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Yankees Top Moments: (#1) Lou Gehrig's "Luckiest Man" speech vs. (#8) 1941 World Series strikeout turned win

Kicking off Pinstripe Alley's Yankees Top Moments Tournament with a battle between the #1 and #8 moments from the Founding-1959 bracket.


Pinstripe Alley kicks off our Yankees Top Moments Tournament by going back to the very beginning in the Founding to 1959 bracket. Vote in the poll below for which moment you think deserves to advance to the next round.

(#1) Lou Gehrig's "Luckiest Man" Speech

On July 4, 1939, Lou Gehrig stepped to the microphone at Yankee Stadium on Lou Gehrig Day after being diagnosed with amyotrophic lateral sclerosis, a disease that would later be known as Lou Gehrig's disease. The disease put an early end to the Iron Horse's career, also forcing an end to Gehrig's consecutive game streak at 2,130 games from June 1, 1925 to May 2, 1939 because of his deteriorating health.

After announcing his retirement on June 21, Gehrig made his famous speech in front of more than 60,000 fans between games of a double header against the Senators on Independence Day. In the emotional farewell, Gehrig thanked the fans for their kindness and encouragement following his grim diagnosis, and claimed himself "the luckiest man on the face of the Earth", which would become one of the most iconic sports moments in history. Gehrig closed his speech with the similarly famous line, "So I close in saying that I might have been given a bad break, but I've got an awful lot to live for", before being joined at the microphone by his Murderer's Row partner, Babe Ruth.

By the time Gehrig made his famous speech, his condition had already worsened considerably. His number 4 was retired by the Yankees, earning him the honor as the first baseball player to have their number retired in baseball. In December of 1939, Gehrig was elected to the Hall of Fame in a special vote by the Baseball Writers Association as the second-youngest player ever to be voted in. Gehrig passed away in 1941, exactly 16 years after he famously took over for Wally Pipp in the Yankees' lineup to begin his great consecutive game streak.

The Luckiest Man speech is much more than just an iconic player's farewell to the game of baseball, instead representing a dying man showing grace and humility in the face of a tragic illness that ended his career and life all too soon. Gehrig walked away because his condition made him feel like he was hurting his team, but as his manager told him on the day of his famous speech, he was never that.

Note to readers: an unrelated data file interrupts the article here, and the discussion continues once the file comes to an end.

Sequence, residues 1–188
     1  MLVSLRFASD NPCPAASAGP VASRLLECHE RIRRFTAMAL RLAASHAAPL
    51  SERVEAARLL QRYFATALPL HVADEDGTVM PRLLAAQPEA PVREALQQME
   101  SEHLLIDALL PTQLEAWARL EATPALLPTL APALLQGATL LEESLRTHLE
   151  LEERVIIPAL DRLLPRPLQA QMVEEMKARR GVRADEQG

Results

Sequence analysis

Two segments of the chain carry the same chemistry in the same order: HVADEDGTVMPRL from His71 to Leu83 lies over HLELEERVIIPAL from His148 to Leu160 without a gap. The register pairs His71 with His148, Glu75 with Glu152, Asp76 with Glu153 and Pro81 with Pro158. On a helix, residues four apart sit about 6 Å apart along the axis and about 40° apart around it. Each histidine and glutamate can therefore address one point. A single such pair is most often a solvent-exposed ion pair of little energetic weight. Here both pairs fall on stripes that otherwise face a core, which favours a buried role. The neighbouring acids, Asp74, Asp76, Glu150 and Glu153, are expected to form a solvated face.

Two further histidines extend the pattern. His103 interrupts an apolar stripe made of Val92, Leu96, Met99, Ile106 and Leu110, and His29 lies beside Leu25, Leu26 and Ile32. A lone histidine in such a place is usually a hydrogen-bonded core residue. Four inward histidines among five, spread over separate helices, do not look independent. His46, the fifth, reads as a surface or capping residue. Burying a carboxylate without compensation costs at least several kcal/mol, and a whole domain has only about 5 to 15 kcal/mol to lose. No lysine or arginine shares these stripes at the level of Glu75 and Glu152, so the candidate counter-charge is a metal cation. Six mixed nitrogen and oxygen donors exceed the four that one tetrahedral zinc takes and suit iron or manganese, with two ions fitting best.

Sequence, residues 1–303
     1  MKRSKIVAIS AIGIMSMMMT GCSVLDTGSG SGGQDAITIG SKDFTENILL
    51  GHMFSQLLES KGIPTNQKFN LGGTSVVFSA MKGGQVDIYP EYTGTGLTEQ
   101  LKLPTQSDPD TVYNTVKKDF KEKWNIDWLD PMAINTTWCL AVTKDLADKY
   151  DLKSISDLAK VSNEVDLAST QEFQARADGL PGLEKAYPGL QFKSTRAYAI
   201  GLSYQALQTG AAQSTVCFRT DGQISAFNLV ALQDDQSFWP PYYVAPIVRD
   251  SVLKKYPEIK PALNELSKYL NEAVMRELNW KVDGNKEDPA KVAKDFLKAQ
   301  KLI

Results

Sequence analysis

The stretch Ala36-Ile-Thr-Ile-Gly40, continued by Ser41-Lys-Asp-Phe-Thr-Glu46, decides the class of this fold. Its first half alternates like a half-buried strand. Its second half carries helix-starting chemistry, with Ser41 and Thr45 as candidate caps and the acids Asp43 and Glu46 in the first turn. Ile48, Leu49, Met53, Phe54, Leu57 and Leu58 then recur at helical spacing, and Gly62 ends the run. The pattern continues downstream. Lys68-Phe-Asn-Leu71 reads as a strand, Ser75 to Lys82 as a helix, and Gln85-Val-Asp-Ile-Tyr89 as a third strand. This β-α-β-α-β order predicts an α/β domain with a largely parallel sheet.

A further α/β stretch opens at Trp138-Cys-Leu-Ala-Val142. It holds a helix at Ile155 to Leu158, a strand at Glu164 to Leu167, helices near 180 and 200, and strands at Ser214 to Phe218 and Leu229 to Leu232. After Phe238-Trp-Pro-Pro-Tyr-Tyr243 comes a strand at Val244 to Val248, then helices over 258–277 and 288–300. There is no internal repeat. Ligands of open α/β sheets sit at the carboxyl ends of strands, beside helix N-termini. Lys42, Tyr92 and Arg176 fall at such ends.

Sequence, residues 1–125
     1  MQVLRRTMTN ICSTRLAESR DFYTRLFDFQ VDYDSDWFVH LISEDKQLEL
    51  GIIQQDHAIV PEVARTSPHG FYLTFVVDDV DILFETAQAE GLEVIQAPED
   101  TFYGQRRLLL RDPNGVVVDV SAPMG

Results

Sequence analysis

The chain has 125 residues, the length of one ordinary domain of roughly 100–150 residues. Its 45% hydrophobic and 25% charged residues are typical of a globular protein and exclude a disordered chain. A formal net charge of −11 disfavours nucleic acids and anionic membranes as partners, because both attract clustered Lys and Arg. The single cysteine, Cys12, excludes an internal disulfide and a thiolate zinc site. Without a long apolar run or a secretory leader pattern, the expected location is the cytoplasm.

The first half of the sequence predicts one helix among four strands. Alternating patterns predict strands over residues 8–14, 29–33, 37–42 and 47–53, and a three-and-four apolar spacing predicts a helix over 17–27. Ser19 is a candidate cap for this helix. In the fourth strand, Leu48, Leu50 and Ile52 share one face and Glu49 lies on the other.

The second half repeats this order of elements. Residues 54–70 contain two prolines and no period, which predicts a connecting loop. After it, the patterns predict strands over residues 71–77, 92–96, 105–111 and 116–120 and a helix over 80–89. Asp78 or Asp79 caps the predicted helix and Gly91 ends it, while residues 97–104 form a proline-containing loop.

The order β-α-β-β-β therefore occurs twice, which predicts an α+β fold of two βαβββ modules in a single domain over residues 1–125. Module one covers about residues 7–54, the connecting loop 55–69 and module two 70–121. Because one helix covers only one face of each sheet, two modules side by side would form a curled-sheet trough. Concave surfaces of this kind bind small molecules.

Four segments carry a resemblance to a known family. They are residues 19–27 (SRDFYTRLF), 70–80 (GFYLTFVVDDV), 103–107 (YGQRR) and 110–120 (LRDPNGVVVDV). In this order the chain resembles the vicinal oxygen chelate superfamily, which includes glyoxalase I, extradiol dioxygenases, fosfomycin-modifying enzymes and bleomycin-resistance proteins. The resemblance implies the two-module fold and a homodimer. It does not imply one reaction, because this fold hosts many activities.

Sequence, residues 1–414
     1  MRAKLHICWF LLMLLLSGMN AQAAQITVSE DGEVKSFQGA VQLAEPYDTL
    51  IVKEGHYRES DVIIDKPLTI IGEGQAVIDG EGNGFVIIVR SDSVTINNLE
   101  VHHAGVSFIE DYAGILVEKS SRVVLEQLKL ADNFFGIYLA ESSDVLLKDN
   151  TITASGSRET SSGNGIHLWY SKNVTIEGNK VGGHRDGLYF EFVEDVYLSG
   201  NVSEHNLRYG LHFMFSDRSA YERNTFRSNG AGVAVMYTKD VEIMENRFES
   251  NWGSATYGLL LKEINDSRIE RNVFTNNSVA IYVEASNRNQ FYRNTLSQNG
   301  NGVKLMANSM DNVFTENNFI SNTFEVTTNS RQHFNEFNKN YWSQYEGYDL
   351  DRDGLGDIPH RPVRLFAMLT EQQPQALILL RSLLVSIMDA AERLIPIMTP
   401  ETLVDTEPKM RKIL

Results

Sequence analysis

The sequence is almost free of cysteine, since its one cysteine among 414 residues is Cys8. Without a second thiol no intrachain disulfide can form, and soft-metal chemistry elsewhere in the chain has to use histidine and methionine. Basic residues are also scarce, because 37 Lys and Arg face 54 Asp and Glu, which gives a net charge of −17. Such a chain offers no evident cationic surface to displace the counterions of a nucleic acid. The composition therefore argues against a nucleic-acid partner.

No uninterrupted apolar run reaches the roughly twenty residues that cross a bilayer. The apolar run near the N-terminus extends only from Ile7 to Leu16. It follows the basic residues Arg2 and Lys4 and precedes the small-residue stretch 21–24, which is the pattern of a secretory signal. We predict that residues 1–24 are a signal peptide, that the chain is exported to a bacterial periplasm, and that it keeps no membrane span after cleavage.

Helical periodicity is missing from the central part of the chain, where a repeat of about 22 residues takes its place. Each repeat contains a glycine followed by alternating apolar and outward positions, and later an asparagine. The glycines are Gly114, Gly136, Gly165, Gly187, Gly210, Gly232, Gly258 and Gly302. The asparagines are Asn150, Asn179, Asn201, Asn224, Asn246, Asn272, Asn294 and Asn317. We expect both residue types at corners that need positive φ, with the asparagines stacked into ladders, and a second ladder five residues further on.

(#8) 1941 World Series strikeout turned win

In the very first Subway Series between the New York Yankees and Brooklyn Dodgers, the teams squared off in the 1941 World Series. The Yankees leading the series two games to one heading into Game Four at Ebbetts Field in Brooklyn, but found themselves down 4-3 with two outs in the ninth inning. One out away from dropping Game Four and allowing the Dodgers to tie the series, the original Old Reliable, outfielder Tommy Henrich, stepped to the plate to try and keep the game alive for New York.

Henrich worked the count full before whiffing on a curveball from Hugh Casey that would have ended the game, but the ball got away from Dodgers catcher Mickey Owen which allowed Henrich to safely reach first base. Owen, who had set a record for National League consecutive errorless attempts by a catcher at 476, experienced a rare breakdown of his defense in not being able to corral the ball. Joe DiMaggio and Charlie Keller kept the rally alive with a single and a two-run double, respectively, before Joe Gordon drove in two more to put the Yankees on top 7-4 for good.

The Yankees, of course, went on to win the 1941 World Series after winning Game Five, with some help from Henrich once again with a big home run. They had been one out, one strike, away from finding themselves all knotted up in the series before a tough defender unexpectedly failed to come up with a ball that Henrich missed totally. Instead, Owen's costly mistake was just the extra life the Yankees needed to piece together a game-winning rally and fight their way back with late game heroics.

The nickname Old Reliable was given to Henrich by Mel Allen for being able to come up big when needed the most. It wasn't pretty on this particular occasion, but it was a catalyst for a huge comeback win for the team that led them to another World Series championship.

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